Published on 2012/04/16

Student Retention Starts At The Start, Not The End

Student Retention Starts At The Start, Not The End
Higher educational professionals must make an effort to get to know their students and invest in their success in order for students to grow and succeed. Photo by Brent Rostad.

Before you know it the students are graduating, walking across the stage and the first thing that comes to your mind is, “Was that Michael F. or Michael H.? No, wait Michael isn’t graduating, that’s his brother. No, his brother graduated last year, who is that kid?”

After the graduation ceremony the student greets you and you are standing there puzzled not knowing who they are or which program they were in. So let’s start with the basics, Day 1, who are your students that you are responsible for?

From personal experience and discussions with other higher education professionals, the first action that a higher education professional must take is getting to know who their students are in the school. Whether you are a teacher, administrator, advisor, or counselor, you have to meet these students from day one. The bottom line is; they are the reason that you are in your position, to lead, educate and to motivate.

In my recent years of being in trade and technical schools, I discovered that the students do not meet you until it is necessary and that needs to change. For the Admissions, after the benchmark period of “knowing” the student, the next time you greet them or speak with them is graduation if that. Your enthusiasm is what brought them to the school and your enthusiasm will keep them in the school. Examples that can help this are speaking with their teachers on their progression, a quick email to see how they are meeting their goal, invitation to a student recruitment event(hint; this may help with increasing your enrollment numbers), or a simple phone call after their classes ended to say hi if you miss them in the hallway. Remember you played a major role in bringing them to the school. You also play the same role as instructors in keeping them in the school.

For instructors, your experience in the field that you are teaching is essential to helping the student stay in class. Now, some institutions may be against me on this next point, but I think the idea will help spark creativity in the classroom.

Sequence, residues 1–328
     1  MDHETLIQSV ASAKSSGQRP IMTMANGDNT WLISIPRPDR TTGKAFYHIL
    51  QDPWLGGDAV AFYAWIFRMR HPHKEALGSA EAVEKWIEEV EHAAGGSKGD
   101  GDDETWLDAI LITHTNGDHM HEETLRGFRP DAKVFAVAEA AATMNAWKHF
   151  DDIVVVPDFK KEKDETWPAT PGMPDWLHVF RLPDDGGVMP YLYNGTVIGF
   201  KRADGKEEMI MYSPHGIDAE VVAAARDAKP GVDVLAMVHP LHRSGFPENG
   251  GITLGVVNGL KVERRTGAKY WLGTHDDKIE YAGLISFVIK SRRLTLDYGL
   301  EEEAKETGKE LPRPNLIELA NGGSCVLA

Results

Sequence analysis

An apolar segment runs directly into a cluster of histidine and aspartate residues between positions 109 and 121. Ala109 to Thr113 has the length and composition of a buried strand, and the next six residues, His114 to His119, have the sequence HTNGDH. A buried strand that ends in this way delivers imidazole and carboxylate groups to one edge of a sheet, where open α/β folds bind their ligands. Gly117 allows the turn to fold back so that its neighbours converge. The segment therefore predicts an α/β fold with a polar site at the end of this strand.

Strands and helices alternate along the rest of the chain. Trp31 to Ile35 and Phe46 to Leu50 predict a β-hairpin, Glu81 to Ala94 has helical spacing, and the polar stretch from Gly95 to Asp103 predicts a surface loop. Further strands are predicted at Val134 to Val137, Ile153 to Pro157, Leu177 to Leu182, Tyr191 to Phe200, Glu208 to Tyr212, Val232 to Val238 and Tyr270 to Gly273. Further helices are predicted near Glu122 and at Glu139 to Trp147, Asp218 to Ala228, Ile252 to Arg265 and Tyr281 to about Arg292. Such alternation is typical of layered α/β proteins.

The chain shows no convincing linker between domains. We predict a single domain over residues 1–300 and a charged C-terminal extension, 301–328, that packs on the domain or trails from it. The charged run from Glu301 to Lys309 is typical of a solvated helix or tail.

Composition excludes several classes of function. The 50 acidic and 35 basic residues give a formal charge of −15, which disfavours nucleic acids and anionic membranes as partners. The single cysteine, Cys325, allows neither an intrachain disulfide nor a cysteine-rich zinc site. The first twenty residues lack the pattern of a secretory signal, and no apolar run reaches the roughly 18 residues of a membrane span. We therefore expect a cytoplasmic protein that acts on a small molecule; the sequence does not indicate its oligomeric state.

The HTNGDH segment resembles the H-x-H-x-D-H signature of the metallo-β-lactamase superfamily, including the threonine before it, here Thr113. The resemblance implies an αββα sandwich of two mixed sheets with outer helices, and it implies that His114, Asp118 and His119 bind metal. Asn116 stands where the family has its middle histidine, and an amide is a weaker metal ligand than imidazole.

I would advise to have your students do outside activities that relate to the curriculum. Don’t make it a 2-week project, make it an activity that they can do on their own time and doesn’t take up the lifespan of their collegiate timeline. If all 30-300 students are reading the same chapter, same homework assignment, and same lesson plan without expansion of their minds, you the instructor will become bored from constant repetition. The students will then become bored; complaints will rise to the Dean’s Level, Chancellor’s Level and possibly the President’s Level and eventually the student drops. Treat your 2nd day, 3rd day and your last day with your students like it was their first day on campus. Instructors, keep the students wanting more not only from the school but from you.

I find that the school that has the highest retention rates are the schools that have every department on one accord in making sure students are in school, graduating and excelling in life.

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Readers Comments

Daniela Thomas 2012/04/17 at 11:18 am

How can you expect to guide a student in the right direction when they’re only coming to see you in an emergency?

That said, at my institution we have a number of student advisors who work on a first-come-first-serve basis…. in their office in the basement.

Advisors need to be given more geographical prominence on campus, and they need to have a mandate with specific students they are meant to serve. You can’t advise someone out of a portfolio.

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